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    6 scary consequences of not following good infection control practices

    How you can avoid these all-too-common pitfalls of infection control.

     

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    Third-party informants

    Good infection control practices are not only necessary for the sake of avoiding incidents, but also because it creates an environment where infection control is the norm. Unfortunately, if that culture does not exist, practices might find themselves being sanctioned, not because of a visiting OSHA inspector, but because of a third-party with an axe to grind.

    Must read: 6 overlooked areas in your office that can improve infection control

    “Most OSHA inspections are a result of a complaint by an employee, a former employee, or someone outside the practice,” Borg-Bartlett says. That possibility of being reported to authorities underscores another reason why suitable protocols should just be second nature.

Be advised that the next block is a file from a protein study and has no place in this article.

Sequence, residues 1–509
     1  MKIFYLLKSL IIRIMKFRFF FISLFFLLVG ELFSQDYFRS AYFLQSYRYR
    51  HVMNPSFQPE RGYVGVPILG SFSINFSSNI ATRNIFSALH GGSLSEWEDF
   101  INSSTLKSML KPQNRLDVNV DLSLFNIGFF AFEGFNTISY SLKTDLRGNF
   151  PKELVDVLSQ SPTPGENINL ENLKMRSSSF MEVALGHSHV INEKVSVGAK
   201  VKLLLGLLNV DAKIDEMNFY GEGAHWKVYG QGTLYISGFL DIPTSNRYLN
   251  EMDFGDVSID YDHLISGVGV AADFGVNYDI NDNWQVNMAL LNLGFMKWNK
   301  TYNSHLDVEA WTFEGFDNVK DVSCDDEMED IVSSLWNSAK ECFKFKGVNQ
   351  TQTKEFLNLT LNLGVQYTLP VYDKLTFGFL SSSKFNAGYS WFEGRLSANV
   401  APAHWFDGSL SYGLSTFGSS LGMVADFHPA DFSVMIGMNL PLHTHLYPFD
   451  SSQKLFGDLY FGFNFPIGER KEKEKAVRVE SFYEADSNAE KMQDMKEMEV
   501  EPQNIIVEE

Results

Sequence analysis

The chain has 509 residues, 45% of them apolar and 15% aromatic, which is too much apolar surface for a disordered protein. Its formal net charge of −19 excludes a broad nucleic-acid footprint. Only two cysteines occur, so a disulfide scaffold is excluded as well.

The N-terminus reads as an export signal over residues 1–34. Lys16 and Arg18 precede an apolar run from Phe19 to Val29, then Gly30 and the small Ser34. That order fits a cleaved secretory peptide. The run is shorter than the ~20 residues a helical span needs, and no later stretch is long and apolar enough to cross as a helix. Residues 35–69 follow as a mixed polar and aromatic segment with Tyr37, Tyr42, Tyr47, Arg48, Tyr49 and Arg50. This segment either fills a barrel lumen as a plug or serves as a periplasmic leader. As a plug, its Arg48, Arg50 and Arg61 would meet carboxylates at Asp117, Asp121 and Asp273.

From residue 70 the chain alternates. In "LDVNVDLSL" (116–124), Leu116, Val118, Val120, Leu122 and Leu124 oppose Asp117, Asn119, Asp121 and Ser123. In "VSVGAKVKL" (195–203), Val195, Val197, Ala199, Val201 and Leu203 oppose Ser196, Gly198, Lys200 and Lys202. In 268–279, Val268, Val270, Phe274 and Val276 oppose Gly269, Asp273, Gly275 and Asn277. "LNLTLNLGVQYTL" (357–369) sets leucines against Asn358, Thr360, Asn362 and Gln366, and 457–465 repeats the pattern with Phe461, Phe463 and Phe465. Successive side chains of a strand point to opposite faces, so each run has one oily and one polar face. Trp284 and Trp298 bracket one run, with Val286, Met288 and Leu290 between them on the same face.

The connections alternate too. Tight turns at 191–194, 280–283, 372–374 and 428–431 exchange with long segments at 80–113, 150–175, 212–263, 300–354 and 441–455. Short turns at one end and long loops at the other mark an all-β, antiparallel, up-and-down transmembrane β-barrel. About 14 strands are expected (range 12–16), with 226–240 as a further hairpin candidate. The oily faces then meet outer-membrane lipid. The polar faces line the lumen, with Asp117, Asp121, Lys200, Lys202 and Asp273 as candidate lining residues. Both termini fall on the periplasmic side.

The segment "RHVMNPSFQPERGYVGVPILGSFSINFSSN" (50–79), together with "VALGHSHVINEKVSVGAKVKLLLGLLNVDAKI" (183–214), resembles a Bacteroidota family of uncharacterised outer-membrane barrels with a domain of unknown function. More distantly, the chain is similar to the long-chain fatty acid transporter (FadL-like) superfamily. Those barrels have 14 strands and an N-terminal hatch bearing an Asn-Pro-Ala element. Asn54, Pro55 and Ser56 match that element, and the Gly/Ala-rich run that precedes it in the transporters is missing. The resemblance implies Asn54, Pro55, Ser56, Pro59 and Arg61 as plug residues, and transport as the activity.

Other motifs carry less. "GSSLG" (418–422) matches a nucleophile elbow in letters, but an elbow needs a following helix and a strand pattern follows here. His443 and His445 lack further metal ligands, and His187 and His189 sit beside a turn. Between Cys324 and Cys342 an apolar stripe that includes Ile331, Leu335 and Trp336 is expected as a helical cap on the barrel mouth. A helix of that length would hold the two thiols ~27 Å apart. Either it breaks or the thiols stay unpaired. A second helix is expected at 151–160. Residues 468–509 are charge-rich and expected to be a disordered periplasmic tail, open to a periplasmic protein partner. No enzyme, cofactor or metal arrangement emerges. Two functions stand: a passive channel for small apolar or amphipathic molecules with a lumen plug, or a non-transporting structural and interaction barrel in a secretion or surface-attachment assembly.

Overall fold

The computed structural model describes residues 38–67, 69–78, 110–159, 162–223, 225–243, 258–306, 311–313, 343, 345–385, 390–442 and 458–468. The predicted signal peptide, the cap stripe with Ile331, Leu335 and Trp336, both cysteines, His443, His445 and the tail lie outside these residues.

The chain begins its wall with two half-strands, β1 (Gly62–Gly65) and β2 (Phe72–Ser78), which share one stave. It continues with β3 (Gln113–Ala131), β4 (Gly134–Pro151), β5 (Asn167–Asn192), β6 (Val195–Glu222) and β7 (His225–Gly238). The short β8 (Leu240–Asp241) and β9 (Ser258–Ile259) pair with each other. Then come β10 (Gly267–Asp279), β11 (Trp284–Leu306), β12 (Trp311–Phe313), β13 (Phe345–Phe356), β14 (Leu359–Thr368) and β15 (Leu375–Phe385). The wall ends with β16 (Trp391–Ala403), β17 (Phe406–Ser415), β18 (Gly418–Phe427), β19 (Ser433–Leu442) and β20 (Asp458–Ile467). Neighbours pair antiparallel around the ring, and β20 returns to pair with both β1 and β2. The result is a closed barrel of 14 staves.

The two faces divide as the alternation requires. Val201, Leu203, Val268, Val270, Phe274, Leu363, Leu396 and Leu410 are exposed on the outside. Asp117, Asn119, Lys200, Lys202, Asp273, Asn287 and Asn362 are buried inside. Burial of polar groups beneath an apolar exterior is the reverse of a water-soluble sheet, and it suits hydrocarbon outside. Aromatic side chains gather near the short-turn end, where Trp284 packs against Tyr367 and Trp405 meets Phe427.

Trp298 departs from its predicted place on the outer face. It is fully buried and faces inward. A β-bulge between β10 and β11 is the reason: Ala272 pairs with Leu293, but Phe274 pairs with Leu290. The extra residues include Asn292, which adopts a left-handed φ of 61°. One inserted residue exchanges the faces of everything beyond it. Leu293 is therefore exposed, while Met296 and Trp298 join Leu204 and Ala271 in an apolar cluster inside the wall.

“Complaints from employees or former employees are the primary cause of a dental practice receiving an OSHA visit; therefore, the practice is putting itself at great risk if it hasn’t implemented an effective safety program,” Borg-Bartlett says.

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    Robert Elsenpeter
    Robert Elsenpeter is a freelance writer and frequent contributor to Dental Products Report and Digital Esthetics. He is also the author ...

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